On Markets & Investing

Monthly Stock Idea Lab (MSIL #14) - May 2024 [PREMIUM]

28 May 2024



Ituran is a $531mn market company listed on NASDAQ that provides telematics services for cars. It is covered by just two research analysts, which makes it particularly exciting. There are no easily available consensus estimates, which makes it even better, as it is harder to spot the company using basic screening.

Ituran is just a very good company that ticks all the boxes, which is quite rare. A combination of strong and profitable growth, high cash returns to shareholders, strong insider ownership and alignment of interests, net cash position, and attractive valuation makes it quite unique. Moreover, there is also a hidden asset on the company’s balance sheet with a zero book value and a transaction-based valuation of $172mn (32% of the market cap).

The single issue I see is the highly competitive nature of the industry (car telematics). The other issue is that half of the sales come from Israel, where there is limited growth due to an already high market share and additional short-term headwinds.

Brief history

The company was founded in 1994 as a subsidiary of the Israeli conglomerate Tadiran. Its goal was to develop and operate a service for locating stolen vehicles using technology originally developed in the US for military use.

In 1995, a group of local investors headed by Izzy Sheratzky bought out Ituran from Tadiran. The company went public on the Tel Aviv Stock Exchange in 1998 and on NASDAQ in 2005. Its NASDAQ IPO price was $13 per share, and the company raised $62mn by issuing 4.8mn new shares.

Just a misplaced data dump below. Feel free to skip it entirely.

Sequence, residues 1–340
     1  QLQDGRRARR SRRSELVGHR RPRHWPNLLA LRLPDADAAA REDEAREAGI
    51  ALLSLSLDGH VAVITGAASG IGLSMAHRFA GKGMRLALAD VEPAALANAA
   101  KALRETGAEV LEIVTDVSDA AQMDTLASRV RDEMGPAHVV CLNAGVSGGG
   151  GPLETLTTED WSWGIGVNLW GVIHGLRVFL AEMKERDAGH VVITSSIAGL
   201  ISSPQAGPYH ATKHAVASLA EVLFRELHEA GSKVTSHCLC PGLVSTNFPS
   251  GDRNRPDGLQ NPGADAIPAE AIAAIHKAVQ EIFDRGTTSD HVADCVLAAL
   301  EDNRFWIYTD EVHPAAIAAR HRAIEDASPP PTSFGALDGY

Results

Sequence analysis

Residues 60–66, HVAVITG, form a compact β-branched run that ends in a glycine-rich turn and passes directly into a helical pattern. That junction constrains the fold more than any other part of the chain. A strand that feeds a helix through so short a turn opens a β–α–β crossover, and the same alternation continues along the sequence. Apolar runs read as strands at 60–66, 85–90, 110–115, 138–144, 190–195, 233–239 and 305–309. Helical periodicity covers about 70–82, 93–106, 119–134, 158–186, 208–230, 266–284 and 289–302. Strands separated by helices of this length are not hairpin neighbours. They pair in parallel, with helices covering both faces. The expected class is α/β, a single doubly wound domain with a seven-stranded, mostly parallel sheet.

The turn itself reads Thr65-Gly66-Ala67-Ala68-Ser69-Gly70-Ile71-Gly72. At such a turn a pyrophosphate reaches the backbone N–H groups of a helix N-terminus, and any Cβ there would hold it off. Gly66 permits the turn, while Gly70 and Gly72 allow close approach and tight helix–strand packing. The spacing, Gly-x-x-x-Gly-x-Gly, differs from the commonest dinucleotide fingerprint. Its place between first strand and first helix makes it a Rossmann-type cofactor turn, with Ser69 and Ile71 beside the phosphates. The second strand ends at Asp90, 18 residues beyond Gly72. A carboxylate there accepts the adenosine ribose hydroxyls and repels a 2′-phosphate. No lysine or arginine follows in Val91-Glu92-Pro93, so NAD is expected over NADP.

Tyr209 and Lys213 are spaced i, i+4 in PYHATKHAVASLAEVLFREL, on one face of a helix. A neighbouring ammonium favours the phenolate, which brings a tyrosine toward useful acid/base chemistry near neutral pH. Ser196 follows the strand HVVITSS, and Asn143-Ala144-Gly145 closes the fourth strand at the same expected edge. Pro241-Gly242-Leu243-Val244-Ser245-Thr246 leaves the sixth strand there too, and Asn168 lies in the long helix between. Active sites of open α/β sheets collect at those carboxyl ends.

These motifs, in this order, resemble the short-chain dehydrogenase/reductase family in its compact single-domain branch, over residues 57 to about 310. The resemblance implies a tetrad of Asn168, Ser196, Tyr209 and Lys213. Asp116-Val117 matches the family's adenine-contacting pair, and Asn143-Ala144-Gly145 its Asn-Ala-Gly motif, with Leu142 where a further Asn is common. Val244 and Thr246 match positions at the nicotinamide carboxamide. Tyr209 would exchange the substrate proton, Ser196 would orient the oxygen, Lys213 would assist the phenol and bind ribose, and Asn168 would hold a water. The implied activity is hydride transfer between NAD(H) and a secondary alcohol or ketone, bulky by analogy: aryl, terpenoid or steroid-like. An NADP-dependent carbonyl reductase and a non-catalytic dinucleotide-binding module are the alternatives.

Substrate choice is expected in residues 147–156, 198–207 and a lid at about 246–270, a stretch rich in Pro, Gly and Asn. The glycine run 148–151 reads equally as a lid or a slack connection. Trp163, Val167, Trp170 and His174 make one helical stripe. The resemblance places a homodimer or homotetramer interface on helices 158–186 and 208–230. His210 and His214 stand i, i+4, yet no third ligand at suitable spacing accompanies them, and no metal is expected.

Ituran was predominantly an Israeli-focused business until the early 2000s, when it expanded into Brazil, Argentina and the US. The earliest financial data available goes back to 2002. Back then, Ituran generated revenue of $49.7mn and an operating profit of $4.3mn (8.7% operating margin). By 2004, its revenue had increased 57% to $77.9mn, while EBIT was 4.3x higher at $18.3mn (23.5% margin).

Almost from the start, the company sold hardware tracking devices and tracking services on a subscription basis. The latter has been the majority source of revenue (60-75%).

Founder-led business

Izzy Sheratzky (currently 77 years old) is the largest shareholder of the company, with a 20.5% stake (through his company, Moked). He serves as the president and a director having resigned from the previous role as chairman.

Two of his sons, Eyal and Nir Sheratzky, are currently co-CEOs of Ituran, while his brother, Efraim Sheratzky, is a board member. Both co-CEOs have been with the company since it was founded.

The third son, Gil Sheratsky, is also a director of Ituran and a senior executive in charge of business development.

Yehuda Kahane is the second co-founder of Ituran and a board member since 1995. He holds a 7.1% stake. Mr Kahane has been focusing on the insurance sector, venture investing and academia.

Business today

The company provides its telematics services focusing on three core segments: stolen car recovery, fleet management, and connected car solutions. Management does not provide revenue contributions for each segment. Its customers include private consumers, car rental or sharing companies, OEMs who pre-install its software, and finance and insurance companies.